CHAPPAQUA, N.Y. (CBSNewYork) — Loud construction noise is pitting sleep-deprived residents against merchants in a Westchester County community.

As CBS2’s Brian Conybeare reported exclusively Thursday, residents in Chappaqua agree that the infrastructure work needs to be done. But some say it is happening in the wee hours of the morning and keeping them awake.

Imagine hearing the sound of jackhammers, and the beeps of construction equipment being driven in reverse, all night long outside your house while you’re trying to sleep.

“It was just very loud and it was constant and I kept waiting for to stop, and it just didn’t,” said Sarah Shapiro of Chappaqua.

Shapiro and her family live on Smith Street in Chappaqua, right by a major infrastructure project. She said the new nighttime construction work on water and sewer mains is keeping her family awake until 5 a.m.

“Overnight construction is cruel and unusual, and I don’t think anyone should be subjected to it,” Shapiro said.

But New Castle Town Supervisor Robert Greenstein said: “We have to do this work at night. There’s no way around it.”

Greenstein said South Greeley Avenue – the only street through downtown – has to be shut down completely for hours at a time. He said that would cripple local merchants during the day.

“Everybody’s going to be inconvenienced, and of course, some people are going to be inconvenienced more than others,” Greenstein said. “That’s unfortunate.”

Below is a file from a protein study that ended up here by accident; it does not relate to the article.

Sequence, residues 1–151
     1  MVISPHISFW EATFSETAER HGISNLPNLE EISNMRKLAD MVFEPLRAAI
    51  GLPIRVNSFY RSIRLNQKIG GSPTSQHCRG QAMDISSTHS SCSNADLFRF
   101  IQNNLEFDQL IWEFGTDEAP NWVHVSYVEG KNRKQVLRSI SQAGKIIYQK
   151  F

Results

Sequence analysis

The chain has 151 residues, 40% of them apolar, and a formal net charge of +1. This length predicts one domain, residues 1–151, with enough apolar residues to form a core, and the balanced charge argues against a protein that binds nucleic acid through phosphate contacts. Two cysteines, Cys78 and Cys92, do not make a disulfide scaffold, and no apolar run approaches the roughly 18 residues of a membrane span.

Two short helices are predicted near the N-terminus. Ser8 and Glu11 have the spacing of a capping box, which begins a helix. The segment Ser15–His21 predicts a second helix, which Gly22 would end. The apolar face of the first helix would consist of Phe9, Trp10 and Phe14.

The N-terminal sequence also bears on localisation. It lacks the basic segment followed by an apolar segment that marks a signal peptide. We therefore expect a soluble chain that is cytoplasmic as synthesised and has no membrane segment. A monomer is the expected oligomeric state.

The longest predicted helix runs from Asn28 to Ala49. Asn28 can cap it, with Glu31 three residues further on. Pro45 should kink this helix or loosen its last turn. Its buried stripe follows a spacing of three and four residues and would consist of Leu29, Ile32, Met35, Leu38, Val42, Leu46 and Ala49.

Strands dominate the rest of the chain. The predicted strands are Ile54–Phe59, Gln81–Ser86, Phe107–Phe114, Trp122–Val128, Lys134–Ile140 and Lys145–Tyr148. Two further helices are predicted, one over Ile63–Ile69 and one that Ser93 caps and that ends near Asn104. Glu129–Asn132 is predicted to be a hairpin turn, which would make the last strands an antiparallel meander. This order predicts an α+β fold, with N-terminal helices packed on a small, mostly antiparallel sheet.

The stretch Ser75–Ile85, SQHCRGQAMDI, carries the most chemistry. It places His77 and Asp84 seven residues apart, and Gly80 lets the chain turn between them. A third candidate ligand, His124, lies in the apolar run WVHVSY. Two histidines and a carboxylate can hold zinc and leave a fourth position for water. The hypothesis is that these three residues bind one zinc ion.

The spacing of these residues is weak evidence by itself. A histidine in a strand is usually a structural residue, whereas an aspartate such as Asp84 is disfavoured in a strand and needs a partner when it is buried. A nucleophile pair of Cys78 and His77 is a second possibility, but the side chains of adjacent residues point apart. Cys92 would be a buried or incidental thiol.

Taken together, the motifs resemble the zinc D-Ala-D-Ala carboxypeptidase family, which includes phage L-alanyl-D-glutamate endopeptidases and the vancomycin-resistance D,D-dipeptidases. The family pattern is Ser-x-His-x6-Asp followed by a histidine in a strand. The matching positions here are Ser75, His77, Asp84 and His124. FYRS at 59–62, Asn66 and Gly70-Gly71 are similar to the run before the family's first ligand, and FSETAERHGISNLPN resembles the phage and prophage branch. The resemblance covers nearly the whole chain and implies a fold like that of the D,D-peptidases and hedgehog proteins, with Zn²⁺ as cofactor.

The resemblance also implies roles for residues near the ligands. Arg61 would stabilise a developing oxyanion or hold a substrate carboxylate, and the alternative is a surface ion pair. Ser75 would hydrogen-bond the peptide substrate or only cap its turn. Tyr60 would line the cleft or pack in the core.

Daytime construction is already causing traffic backups and hurting local stores.

“Customers are shying away from town during the hours that they’re working because it just takes too long to get through town,” said Chappaqua store owner Barry Mishkin.

Most residents who spoke to CBS2 support the $11.6 million, 18-month project that will eventually include new sidewalk beautification, but admit that it is painful for everyone.

“Sometimes it can get ridiculously loud with the drilling,” said John Grimes of Chappaqua.

“You have to go through the bad to get to the good,” said Chappaqua resident Barbara Jenkel.

Town officials said they are trying to move a dump site at the end of Smith Street further away from the homes there to reduce noise at night. But they also say the night work is scheduled to last six to seven months – creating a nightmare for Shapiro and her kids.

“If I hear that ‘Beep! Beep! Beep!’ again, I feel like I’m going to pull my hair out,” she said.

And she said her family may have to move out temporarily.

Construction managers told CBS2 the current daytime work in downtown Chappaqua should be complete in about five weeks. After that, crews will mostly work from 8 p.m. to 5:30 a.m.


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